TFT theatre


A review by Robert Long II
Special Edition
16:9 ratio, color, 75 minutes
Starring: Johnny Francis Wolf, Megan Pearson, Michael Brecher, and Joseph L. Johnson
Directed by Jamie Nash and David Sckrabulis
Extras: Director’s Commentary, Making of Featurette, Trailer
Tagline: “Forget Milk and Cookies… This Year He Wants Blood!”

Story synopsis (from the official website): It’s the night before Christmas and Gabe Snow, a tabloid writer haunted by the Ghosts of Christmas past, is investigating a Yule Tide Conspiracy. Gabe knows that Flight 1225 was brought down one foggy Christmas Eve, by a flying creature with a “glowing nose”.
Now a Blood-Sucking Vampire – Santa Claus – has put Gabe on his list and unleashed the demonic fury of the North Pole. Armies of Zombie Elves, who have no interest in Toys or Pointy Hats or Dentistry, are about to turn Gabe’s White Christmas… Blood Red…
Will Gabe find the true meaning of Christmas? Can he stake a heart that’s two sizes too small? What will he find under his tree?

good vs evil

Comments: The photos here do nothing to show the viewers what this movie is REALLY like; does not do it justice at all. This movie does have some gore in it – to say the least. You get a decapitation, and ear lobbed off, a knife to the leg, foot surgery, chewed scalps, people poisoned, blood galore, and a gut punch that comes clean through to the other side!
Definitely a horror comedy, TWO FRONT TEETH both hits and misses in its telling of Yuletide horror. It’s played broad and never takes itself serious for a millisecond. The setting is well done and the production design superb for a low-budget production. It reminds me of a TROMA film only that it’s BETTER than a TROMA film.
There is a lot going for this movie. The four leads are very good in their parts and play them to the hilt. There is even a good blend of live action, stop-motion animation, and cell animation (used in a flashback). The production values are top notch, from the seedy exploitation newspaper office to the overly decorated Snow household to the outlandish Santa-mobile. The makeup on the evil elves is first rate, and the film features three beautiful leather-clad ninja nuns called the “Silent Knights” that can slide down my chimney anytime.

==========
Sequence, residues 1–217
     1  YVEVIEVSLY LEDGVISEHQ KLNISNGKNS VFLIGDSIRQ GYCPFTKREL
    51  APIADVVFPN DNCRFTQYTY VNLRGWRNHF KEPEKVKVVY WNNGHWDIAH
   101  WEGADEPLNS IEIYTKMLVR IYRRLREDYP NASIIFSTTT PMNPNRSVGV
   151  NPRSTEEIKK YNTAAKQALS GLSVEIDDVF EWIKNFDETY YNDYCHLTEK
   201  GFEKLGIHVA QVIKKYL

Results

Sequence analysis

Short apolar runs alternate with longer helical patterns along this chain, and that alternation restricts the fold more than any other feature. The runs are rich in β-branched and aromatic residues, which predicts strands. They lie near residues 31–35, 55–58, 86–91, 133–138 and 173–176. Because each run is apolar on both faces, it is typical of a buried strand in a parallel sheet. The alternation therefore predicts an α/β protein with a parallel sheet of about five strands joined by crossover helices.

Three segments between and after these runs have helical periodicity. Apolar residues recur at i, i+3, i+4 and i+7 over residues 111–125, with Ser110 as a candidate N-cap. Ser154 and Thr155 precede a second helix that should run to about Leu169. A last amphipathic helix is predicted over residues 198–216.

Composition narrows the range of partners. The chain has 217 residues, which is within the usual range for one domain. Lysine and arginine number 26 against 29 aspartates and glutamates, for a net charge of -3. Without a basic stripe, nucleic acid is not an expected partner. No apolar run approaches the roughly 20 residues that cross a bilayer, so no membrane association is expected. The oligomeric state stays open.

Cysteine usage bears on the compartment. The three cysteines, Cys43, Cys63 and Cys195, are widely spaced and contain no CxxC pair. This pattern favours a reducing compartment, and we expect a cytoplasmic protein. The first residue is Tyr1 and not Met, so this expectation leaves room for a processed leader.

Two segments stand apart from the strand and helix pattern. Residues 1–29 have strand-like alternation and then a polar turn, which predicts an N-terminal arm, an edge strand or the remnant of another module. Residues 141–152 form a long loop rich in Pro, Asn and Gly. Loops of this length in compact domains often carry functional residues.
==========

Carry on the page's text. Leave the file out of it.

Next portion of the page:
But what about the story? I’ll be honest; it took me a little while to get it straight. See Gabe (Johnny Francis Wolf) is an investigative reporter working for a rag that investigates Christmas type weirdness around the world. Strange that he would do this considering he has an intense fear of Santa Claus. His wife Noelle (Megan Pearson) is fed up with her wuss husband and has been getting a little candy cane action on the side. Gabe’s boss Ed (Michael Brecher) is feeling pressure from an unseen group to find out Gabe’s story source for the ill-fated Flight 1225. It seems this commercial flight was brought down when it collided with a creature with a “glowing nose.” Gabe’s source – Cowboy Pete (Joseph L. Johnson) witnessed the tragedy. He also holds in his possession the key to the whole mystery, one that is sought after by evil elves, ninja nuns, and a Satanic Santa. It is up to Gabe, Noelle, and Pete to keep the scales of good and evil balanced on the holiest night of the year. See there is a lot to keep track of here, and I only gave it to you in the broadest of descriptions.


Alas, not all things are perfect with the film. The characters of Gabe and Noelle can get grating at times; Gabe tends to be an extreme wuss for most of the film, and Noelle’s bitchiness gets tiresome, leaving the viewer to wonder just how they ever got married in the first place. When watching a movie I want to be entertained, not irritated. There is a digital blood shot that does not come off at all, and the filmmakers would have done better to use actual firing blanks in the firearms, rather than the non-convincing muzzle fire that was put in post production. Lastly, the epic battle between the forces of good and evil at the end (watch the film and you will know what I mean) could have been longer and had more camera coverage.
In the end, the question is if I like TWO FRONT TEETH, and can recommend it. The answer is a conditional yes. It will have a definite appeal to those that like broad comedy and gross out splatter. It will appeal to those that want to watch something different; something off the beaten track. There is a stocking full of energy and love that the creators of this film put into this independent production, and it is destined to become a seasonal Yuletide cult classic.

7 out of 10 stars

The official website is here:

You can buy TWO FRONT TEETH here:


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